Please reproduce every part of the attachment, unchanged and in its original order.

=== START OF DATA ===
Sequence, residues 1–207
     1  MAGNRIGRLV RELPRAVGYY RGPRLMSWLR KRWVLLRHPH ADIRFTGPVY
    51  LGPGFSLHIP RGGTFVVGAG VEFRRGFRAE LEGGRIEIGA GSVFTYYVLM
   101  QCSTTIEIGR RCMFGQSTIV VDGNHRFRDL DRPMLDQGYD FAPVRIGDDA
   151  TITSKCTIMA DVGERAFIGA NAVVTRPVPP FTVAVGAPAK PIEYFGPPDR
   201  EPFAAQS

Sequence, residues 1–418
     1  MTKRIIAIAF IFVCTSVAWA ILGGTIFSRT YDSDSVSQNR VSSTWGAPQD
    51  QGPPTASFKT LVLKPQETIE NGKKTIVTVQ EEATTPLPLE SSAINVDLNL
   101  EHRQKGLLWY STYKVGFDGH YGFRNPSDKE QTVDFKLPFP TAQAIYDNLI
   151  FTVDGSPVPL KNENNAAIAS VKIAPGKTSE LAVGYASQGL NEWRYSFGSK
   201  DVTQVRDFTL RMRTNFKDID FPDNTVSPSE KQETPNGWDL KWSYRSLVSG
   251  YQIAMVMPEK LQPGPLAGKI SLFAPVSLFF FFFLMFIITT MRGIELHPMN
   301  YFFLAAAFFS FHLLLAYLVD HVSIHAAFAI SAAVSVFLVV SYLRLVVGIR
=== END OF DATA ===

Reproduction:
Sequence, residues 1–207
     1  MAGNRIGRLV RELPRAVGYY RGPRLMSWLR KRWVLLRHPH ADIRFTGPVY
    51  LGPGFSLHIP RGGTFVVGAG VEFRRGFRAE LEGGRIEIGA GSVFTYYVLM
   101  QCSTTIEIGR RCMFGQSTIV VDGNHRFRDL DRPMLDQGYD FAPVRIGDDA
   151  TITSKCTIMA DVGERAFIGA NAVVTRPVPP FTVAVGAPAK PIEYFGPPDR
   201  EPFAAQS

Sequence, residues 1–418
     1  MTKRIIAIAF IFVCTSVAWA ILGGTIFSRT YDSDSVSQNR VSSTWGAPQD
    51  QGPPTASFKT LVLKPQETIE NGKKTIVTVQ EEATTPLPLE SSAINVDLNL
   101  EHRQKGLLWY STYKVGFDGH YGFRNPSDKE QTVDFKLPFP TAQAIYDNLI
   151  FTVDGSPVPL KNENNAAIAS VKIAPGKTSE LAVGYASQGL NEWRYSFGSK
   201  DVTQVRDFTL RMRTNFKDID FPDNTVSPSE KQETPNGWDL KWSYRSLVSG
   251  YQIAMVMPEK LQPGPLAGKI SLFAPVSLFF FFFLMFIITT MRGIELHPMN
   301  YFFLAAAFFS FHLLLAYLVD HVSIHAAFAI SAAVSVFLVV SYLRLVVGIR